More Needs To Be Done In Canterbury
26 NOVEMBER 2008
Dairying And Environmental Groups Say More Needs To Be Done In Canterbury
Both the dairy industry and environmental groups acknowledge the findings of the Environment Canterbury report on disposal of dairy shed effluent and say much more action is needed from farmers, industry bodies and the regional council.
The report is for the 2007/08 dairying season, which ended on 31 May 2008.
“Compliance with regional council regulations around disposal of farm dairy effluent is a bottom line for the industry. Although overall compliance in Canterbury has increased, the fact that the report shows no real progress in reducing levels of non-compliance over the last five seasons is a major concern for us,” said DairyNZ Chief Executive Dr Tim Mackle.
Fish and Game’s Nelson Marlborough Manager Neil Deans said, “The report says there are a number of farms that are performing very well, but 37 per cent of those farms that were identified as significantly non-compliant still hadn’t addressed their issues by the end of the season (7.4% of all dairy farms). Compliance with consents is a fundamental requirement to conduct any business, and the fact that non-compliance problems are being identified but some farmers aren’t remedying those problems is of major concern and exposed shortcomings in current processes.”
“Rates of serious non-compliance have increased since last year and this is of real concern to Forest & Bird. At a meeting held at Environment Canterbury last week, there was agreement that all groups should be working together to achieve improvements in the region’s water quality,” Forest & Bird Advocacy manager, Kevin Hackwell said.
Dr Mackle said the dairy industry, along with Fish and Game and the Forest & Bird, supports Environment Canterbury’s plan to make greater use of enforcement tools and increase monitoring in its aim to achieve full compliance.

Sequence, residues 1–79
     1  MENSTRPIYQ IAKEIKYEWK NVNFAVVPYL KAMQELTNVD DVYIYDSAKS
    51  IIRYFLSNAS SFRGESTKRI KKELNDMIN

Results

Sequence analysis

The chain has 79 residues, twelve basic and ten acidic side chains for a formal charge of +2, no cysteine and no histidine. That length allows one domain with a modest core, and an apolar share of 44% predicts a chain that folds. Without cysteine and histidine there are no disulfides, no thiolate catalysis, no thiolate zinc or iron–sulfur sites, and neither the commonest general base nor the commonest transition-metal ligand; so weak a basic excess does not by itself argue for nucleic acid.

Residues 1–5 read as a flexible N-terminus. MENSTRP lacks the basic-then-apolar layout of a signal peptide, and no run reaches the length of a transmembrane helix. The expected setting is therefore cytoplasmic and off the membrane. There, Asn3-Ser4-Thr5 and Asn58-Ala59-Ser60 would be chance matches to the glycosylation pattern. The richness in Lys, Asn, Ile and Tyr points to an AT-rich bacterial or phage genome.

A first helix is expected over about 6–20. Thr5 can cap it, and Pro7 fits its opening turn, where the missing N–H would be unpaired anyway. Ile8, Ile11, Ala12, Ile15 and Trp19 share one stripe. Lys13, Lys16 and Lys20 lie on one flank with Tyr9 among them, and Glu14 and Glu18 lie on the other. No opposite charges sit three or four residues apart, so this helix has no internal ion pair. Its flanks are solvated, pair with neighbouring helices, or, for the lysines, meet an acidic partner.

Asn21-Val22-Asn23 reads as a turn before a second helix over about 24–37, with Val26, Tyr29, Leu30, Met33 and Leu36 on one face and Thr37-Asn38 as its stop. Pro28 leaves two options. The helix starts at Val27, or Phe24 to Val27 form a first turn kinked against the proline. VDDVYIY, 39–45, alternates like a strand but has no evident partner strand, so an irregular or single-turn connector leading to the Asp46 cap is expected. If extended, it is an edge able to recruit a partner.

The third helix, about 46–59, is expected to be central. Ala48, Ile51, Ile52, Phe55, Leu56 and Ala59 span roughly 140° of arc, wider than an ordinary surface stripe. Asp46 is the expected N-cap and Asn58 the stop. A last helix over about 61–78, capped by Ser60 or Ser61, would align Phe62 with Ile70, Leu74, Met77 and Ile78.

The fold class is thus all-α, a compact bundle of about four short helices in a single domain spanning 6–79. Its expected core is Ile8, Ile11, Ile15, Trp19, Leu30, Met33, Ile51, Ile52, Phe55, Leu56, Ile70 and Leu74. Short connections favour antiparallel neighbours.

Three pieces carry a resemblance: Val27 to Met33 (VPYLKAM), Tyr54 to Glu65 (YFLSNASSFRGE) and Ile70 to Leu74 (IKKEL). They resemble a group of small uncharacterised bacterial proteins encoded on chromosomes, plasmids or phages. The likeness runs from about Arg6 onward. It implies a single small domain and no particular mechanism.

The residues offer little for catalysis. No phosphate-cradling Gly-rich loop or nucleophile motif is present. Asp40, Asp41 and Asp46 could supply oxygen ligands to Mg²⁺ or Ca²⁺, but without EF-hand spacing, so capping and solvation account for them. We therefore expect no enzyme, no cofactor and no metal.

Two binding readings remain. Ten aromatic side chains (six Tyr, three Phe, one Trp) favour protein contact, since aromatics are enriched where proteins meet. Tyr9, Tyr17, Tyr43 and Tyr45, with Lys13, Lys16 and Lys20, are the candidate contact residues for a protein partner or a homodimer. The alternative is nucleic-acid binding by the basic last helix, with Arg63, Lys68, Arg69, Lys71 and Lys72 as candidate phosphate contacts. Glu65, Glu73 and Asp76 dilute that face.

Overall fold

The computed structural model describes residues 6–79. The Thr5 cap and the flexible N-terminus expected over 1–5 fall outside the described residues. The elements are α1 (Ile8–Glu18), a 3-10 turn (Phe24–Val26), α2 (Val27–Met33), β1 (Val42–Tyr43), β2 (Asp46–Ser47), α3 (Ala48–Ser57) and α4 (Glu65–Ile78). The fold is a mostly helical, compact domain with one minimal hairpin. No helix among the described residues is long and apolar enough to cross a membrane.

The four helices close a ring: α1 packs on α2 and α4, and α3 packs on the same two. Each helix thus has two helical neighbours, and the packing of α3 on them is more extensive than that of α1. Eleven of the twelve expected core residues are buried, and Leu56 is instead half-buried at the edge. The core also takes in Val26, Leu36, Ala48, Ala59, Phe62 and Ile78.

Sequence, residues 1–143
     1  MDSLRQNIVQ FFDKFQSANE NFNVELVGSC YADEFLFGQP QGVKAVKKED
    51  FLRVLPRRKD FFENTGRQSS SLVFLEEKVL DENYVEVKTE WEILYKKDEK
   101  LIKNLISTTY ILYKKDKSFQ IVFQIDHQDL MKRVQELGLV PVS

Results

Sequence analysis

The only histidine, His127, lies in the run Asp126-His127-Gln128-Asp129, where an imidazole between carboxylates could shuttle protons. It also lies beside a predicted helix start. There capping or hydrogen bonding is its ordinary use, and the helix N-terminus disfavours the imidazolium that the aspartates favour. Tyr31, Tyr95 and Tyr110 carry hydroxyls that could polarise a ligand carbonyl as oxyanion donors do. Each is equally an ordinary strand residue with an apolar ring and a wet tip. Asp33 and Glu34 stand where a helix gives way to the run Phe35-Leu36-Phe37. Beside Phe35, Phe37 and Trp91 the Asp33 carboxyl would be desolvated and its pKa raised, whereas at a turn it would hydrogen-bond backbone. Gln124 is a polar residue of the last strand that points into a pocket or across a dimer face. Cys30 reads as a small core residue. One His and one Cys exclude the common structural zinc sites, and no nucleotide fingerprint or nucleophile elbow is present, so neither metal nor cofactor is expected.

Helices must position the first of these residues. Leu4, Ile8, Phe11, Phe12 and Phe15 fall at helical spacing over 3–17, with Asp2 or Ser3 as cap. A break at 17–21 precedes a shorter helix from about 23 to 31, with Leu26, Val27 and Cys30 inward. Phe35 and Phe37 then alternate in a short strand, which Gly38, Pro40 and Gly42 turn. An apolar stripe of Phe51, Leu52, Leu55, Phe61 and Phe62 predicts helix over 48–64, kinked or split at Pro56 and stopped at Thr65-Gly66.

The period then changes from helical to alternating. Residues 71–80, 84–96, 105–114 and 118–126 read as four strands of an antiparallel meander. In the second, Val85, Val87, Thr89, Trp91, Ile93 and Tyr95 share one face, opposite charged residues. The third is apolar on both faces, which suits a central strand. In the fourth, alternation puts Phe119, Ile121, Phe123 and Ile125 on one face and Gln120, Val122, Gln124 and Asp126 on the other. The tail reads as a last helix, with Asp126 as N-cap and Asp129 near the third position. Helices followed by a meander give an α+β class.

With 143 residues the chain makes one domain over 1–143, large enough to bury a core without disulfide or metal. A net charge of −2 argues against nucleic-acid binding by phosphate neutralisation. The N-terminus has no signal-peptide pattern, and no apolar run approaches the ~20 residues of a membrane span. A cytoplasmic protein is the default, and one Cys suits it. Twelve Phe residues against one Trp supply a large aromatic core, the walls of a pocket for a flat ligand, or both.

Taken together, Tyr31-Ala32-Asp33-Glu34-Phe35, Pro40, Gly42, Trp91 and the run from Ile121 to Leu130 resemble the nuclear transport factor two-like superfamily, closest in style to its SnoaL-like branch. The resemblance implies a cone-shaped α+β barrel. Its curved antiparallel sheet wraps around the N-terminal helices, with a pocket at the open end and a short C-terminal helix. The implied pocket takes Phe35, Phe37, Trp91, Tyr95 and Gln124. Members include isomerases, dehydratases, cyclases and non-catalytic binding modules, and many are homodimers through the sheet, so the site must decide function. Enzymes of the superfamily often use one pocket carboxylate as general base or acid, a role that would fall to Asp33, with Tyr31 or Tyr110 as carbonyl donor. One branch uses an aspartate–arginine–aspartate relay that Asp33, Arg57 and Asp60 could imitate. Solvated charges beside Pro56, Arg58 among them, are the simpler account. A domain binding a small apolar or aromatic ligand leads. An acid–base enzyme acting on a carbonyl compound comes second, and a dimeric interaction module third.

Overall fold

“It’s good to see Environment Canterbury acknowledging the work done by the dairy industry to help farmers achieve compliance, and the report says results from this work have not yet been measured by the Council,” he said.
“The industry is working hard with farmers to help them improve their infrastructure and management techniques. This includes contacting those who had compliance issues and providing information and on-farm assistance. Significant non-compliers had either agricultural engineering support or help from a Fonterra sustainable dairying advisor.”
Dr Mackle said the full results of this work will not be reported on until this time next year. “In fact, we are actually increasing activity, with Fonterra hiring another sustainable dairying advisor for the region and the rolling out the DairyNZ Farm Enviro Walk, which helps farmers identify potential problem areas.
“There are some encouraging trends emerging, including the reduction in the incidence of major effluent ponding, which shows farm staff are aware of the need to check this. Plus the report notes that when compared nationally, Canterbury still has a low level of direct discharge to surface water occurring.”
He said ponding is clearly the main issue and the dairy industry is working closely with scientists and service providers to deliver technology, systems and solutions to resolve this.
Neil Deans said the environmental groups are particularly concerned about water quality. “This report doesn’t cover water quality and we look forward to working with the dairy sector, farmer organisations, and Environment Canterbury to deal with any issues identified in the regional State of the Environment report to be issued in December.
“Environmental groups and the dairy sector must find enduring solutions to ensure that dairy farming is environmentally sustainable. It’s in all of our best interests to work together on this,” he said.